TLS (Transport layer security) is the successor or the updated version of SSL and the basic process of securing the network by both is more or less the same.
Transport Layer Security (TLS)/Secure Sockets Layer (SSL) are computer networking protocols for securing connections between network application clients and servers over an insecure network. These protocols provide a mechanism for encrypting and authenticating data sent between client and server.
SSL/TLS layers are responsible for the transport of data between processes and the routing of network traffic over a network between client and server, and below application layer protocols such as Hypertext Transfer Protocol (HTTP) and the Simple Mail Transfer Protocol (SMTP).
It includes basic two sub protocols to secure the network architecture. These sub protocols are as follows −
Handshake protocol − It defines a SSL/TLS connection established between client and server, as well as exchange of keys (Public and Session) for encryption or authentication of transmitted data.
Record protocol − It defines how communicating hosts exchange data using SSL/TLS, which includes how data is to be prepared for transmission and how it is to be verified or decrypted.
During the initial handshake process, a server presents its digital certificate to authenticate itself to the client to whom it wants to establish a connection.
The authentication process uses public key encryption to validate the digital certificate and to confirm that a server is the same server it claims to be. Once the authentication is completed, the client and server establish code (cipher) settings and a shared secret key to encrypt the message they exchange during the session, by this TLS/SSL provides identification, authentication data confidentiality and integrity.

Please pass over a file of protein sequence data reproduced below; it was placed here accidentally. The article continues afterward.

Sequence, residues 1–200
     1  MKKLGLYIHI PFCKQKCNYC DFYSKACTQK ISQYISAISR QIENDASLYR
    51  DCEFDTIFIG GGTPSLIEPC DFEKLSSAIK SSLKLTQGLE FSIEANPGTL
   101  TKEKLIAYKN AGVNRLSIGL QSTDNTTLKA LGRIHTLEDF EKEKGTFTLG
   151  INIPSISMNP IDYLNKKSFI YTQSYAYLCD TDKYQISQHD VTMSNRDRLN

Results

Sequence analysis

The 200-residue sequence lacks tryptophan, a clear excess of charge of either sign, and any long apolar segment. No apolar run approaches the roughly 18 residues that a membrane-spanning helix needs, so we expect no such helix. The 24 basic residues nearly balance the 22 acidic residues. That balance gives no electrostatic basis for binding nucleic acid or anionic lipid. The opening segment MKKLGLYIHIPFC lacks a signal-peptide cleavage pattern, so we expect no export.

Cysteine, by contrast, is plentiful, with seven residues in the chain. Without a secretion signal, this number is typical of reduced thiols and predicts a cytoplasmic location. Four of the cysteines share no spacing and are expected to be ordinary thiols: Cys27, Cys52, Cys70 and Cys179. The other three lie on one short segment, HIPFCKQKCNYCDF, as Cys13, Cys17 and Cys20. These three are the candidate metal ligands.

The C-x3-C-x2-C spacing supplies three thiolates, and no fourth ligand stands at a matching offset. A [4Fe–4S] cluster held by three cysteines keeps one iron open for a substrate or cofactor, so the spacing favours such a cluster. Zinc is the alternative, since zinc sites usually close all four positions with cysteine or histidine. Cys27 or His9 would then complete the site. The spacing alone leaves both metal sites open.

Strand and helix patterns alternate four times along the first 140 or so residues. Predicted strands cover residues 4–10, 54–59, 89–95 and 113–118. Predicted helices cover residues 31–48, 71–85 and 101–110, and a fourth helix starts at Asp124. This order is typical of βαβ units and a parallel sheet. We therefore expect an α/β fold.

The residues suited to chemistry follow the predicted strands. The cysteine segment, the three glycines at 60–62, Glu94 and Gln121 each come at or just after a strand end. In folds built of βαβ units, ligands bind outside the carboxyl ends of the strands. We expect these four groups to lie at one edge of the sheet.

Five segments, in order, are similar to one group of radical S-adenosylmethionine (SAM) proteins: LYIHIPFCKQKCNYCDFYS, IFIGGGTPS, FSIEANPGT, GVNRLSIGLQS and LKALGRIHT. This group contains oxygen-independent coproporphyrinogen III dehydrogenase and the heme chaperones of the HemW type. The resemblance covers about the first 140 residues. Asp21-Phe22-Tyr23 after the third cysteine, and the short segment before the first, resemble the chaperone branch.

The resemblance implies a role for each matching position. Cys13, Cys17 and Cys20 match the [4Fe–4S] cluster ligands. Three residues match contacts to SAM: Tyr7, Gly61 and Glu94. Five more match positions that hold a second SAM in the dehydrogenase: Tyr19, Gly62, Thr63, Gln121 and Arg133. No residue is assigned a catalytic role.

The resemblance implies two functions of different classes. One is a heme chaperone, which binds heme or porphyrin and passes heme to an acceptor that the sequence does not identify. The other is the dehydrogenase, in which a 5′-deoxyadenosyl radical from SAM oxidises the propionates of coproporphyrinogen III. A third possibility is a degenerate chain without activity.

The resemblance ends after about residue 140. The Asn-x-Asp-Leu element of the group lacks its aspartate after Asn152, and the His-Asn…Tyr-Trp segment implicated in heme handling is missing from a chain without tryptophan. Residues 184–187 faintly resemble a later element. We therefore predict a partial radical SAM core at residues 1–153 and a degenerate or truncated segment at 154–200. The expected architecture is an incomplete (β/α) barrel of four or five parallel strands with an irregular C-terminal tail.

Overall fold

The handshake also allows the client to authenticate itself to the server. In this case, after server authentication is complete, the client must present its certificate to the server to authenticate the client's identity before the encrypted SSL/TLS session can be established.
There are two basic techniques used for encryption in Cryptology, which are explained below:
Symmetric encryption is the oldest and best-known technique for encryption. A secret key is used for this, which can be a number, a word, or just a string of random letters, is applied to the text of a message to alter the content in a particular way. As long as both sender and recipient know the secret key, they can encrypt and decrypt all messages that require this key.
It is that technique which uses two keys or a "key pair" for encryption and decryption unlike Symmetric encryption. The problem with secret keys is exchanging them over the Internet or a large network while preventing them from falling into the wrong hands, attackers, or hackers. Anyone who knows the secret key can alter them in his own way.